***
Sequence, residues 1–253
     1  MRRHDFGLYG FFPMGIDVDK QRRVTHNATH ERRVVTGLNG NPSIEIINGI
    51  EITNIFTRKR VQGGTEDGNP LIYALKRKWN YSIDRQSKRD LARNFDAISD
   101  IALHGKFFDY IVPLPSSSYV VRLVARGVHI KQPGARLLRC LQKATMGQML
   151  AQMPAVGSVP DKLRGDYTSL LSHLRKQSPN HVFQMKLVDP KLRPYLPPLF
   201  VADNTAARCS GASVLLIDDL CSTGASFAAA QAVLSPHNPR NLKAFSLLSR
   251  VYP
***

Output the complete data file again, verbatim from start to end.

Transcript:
Sequence, residues 1–253
     1  MRRHDFGLYG FFPMGIDVDK QRRVTHNATH ERRVVTGLNG NPSIEIINGI
    51  EITNIFTRKR VQGGTEDGNP LIYALKRKWN YSIDRQSKRD LARNFDAISD
   101  IALHGKFFDY IVPLPSSSYV VRLVARGVHI KQPGARLLRC LQKATMGQML
   151  AQMPAVGSVP DKLRGDYTSL LSHLRKQSPN HVFQMKLVDP KLRPYLPPLF
   201  VADNTAARCS GASVLLIDDL CSTGASFAAA QAVLSPHNPR NLKAFSLLSR
   251  VYP